2. Intel used to use a tick-tock strategy to chip fabrication where you would release a new design architecture then a year later release a lower fabrication node to make that chip thus lowering power allowing for higher clock speeds. This strategy has only recently started to unravel in the past 4 years.

The reason this impacts XEON's is because Intel likes to have newer nodes tested on low power parts first. Think notebooks, phones, small desktops like the NUC. The reason for this is that these devices use smaller processor dies so they allow more chips to be produced per wafer. The wafer is the thing in the factory that the chips are actually created on.

So when you have a new node that is untested you want to be able to use a small die so that if there is a problem you lose the fewest amount of chips from each wafer produced. If for example you have a small die you could get 200 chips from a wafer if 25% of those are defective you only lost 50 chips and could still sell 150. But if your die is quite large and only allows 80 chips to be produced per wafer and you lose 25% of those that's a loss of 20 chips and you now only have 60 to sell.

Generally the larger the die is, the more defects you're going to have due to the dies having more surface area on the wafer. This is also why larger chips often cost more, they take up more room on the wafer, the wafer price is static so the smaller the chip, the less it costs you to produce.

So for Intel producing the smallest dies on newer process nodes first is economically the right idea and that may be why we're seeing the XEON's use 2 architectures behind because they were intending to release newer architectures on newer nodes but due to the delays in 14nm and now 10nm we're seeing delays in getting those bigger chips on the latest nodes.

For example Kaby Lake and even Coffee Lake were both meant to be 10nm parts but instead are 14nm. It's conceivable that Intel would like to launch Coffee Lake-EP on the XEON side on 10nm eventually.

This post is already pretty long so I'll stop here, I hope this gives you a good idea of why things are like they are. If you look at the AMD side they're doing it slightly differently using one single die across their entire product stack from consumer desktop to enthusiast desktop to server. Using multiple small dies together takes out the wafer risk I mentioned above and allows them to keep their entire product stack on the same architecture.
 

Patrick

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Dec 21, 2010
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Just to be clear, consumer Skylake and Skylake-SP are not the exact same so it is not technically accurate to say the desktop core and the server core perform the same.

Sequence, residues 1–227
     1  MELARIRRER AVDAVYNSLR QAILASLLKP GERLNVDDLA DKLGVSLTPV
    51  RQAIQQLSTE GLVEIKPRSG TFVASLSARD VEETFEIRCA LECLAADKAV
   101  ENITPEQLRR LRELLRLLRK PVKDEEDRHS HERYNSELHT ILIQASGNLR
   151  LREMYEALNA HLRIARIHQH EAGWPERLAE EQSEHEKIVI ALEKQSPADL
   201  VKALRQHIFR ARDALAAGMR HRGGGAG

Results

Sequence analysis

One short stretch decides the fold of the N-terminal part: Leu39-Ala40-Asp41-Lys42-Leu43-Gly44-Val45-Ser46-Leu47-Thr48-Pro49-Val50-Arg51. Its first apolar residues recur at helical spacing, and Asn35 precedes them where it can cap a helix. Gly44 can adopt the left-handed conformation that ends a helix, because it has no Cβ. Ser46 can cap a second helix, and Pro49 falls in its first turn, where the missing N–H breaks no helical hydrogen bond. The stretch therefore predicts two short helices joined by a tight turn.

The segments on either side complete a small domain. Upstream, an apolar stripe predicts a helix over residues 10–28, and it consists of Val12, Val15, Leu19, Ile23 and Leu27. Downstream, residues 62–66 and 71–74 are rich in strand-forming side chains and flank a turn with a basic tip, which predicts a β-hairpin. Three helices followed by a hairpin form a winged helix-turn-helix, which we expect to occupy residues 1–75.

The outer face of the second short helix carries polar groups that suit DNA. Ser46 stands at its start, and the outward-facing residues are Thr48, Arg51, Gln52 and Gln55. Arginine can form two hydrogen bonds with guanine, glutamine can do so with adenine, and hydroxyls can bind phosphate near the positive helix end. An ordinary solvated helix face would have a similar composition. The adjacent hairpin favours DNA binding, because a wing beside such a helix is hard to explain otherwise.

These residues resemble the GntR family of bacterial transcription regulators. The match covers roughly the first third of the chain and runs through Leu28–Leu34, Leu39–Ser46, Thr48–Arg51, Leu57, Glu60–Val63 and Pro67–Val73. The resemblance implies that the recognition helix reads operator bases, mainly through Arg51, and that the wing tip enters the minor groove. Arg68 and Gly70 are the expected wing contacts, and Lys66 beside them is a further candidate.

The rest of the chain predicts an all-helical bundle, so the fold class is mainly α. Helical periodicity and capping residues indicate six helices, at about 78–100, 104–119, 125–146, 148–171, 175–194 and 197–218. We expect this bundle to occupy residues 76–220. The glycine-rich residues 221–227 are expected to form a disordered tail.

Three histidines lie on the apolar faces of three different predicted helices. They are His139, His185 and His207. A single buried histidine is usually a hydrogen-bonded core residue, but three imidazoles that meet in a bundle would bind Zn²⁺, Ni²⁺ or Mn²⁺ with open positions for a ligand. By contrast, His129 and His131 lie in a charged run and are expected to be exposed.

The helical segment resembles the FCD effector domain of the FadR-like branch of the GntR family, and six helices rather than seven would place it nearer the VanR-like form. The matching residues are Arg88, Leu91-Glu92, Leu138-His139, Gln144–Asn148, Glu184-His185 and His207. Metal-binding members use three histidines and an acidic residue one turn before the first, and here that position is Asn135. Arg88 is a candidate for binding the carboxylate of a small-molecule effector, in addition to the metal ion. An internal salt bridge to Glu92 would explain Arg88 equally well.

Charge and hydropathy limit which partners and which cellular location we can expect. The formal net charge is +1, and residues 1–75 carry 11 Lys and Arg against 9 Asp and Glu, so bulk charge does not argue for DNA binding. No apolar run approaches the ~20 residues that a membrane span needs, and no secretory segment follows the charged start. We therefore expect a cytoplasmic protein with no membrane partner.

As pointed out, the I/O capacity of mainstream Xeon is so much better that you practically cannot even use the smaller core count chips. Instead of just transporting people as @Pri mentioned, it is more like moving a 5 bedroom house on a motorcycle versus a tractor trailer.

There is a reason why the Intel Xeon E3 line is essentially irrelevant in overall server dollar sales even though it can have better single threaded performance in some applications.
 
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alex_stief

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May 31, 2016
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Which Xeon has more density than the i7-7700k? And more cores.
Since this is the only question I found I will go with this.
If I interpret your stream of consciousness correctly, you are in search of a higher core count CPU that has similar single-threaded performance than the now outdated I7-7700k (replaced by the I7-8700k with two more cores and same IPC).
This won't happen. Transistor density is not necessarily the key point here which should be pretty similar. It's CPU architecture and clock speed.
First of all, architectures on Intels mainstream CPUs are now quite different from the larger server CPUs. One of the key points here is how the cores communicate with each other. "Ringbus" for mainstream low-core count CPUs, "mesh" for larger Xeon CPUs. Ringbus is faster for low core counts but increasingly difficult to implement for many cores. Hence the switch to mesh for Xeons which in fact makes them slower for lightly-threaded applications even at the same clock speed. This can be seen with Intels new I9 series which uses the same silicon as the larger Xeons. Even when clocked to similar frequencies as an I7-8700k, they still fall behind in lightly-threaded applications.
Speaking of clock speed: Achieving 5+GHz on a 28-core CPU is simply impossible due to the heat this would produce. CPUs operate more efficiently with lower clock speeds. In order to keep the power draw and thermals at a manageable level, high core count CPUs must operate closer to their sweet spot at lower frequencies. An I7-8700k with 6 cores draws more than 120W of power when operating near 5GHz. Multiply this by 28/6 to get an idea how much power a 5GHz Xeon with 28 cores would draw and convert to heat.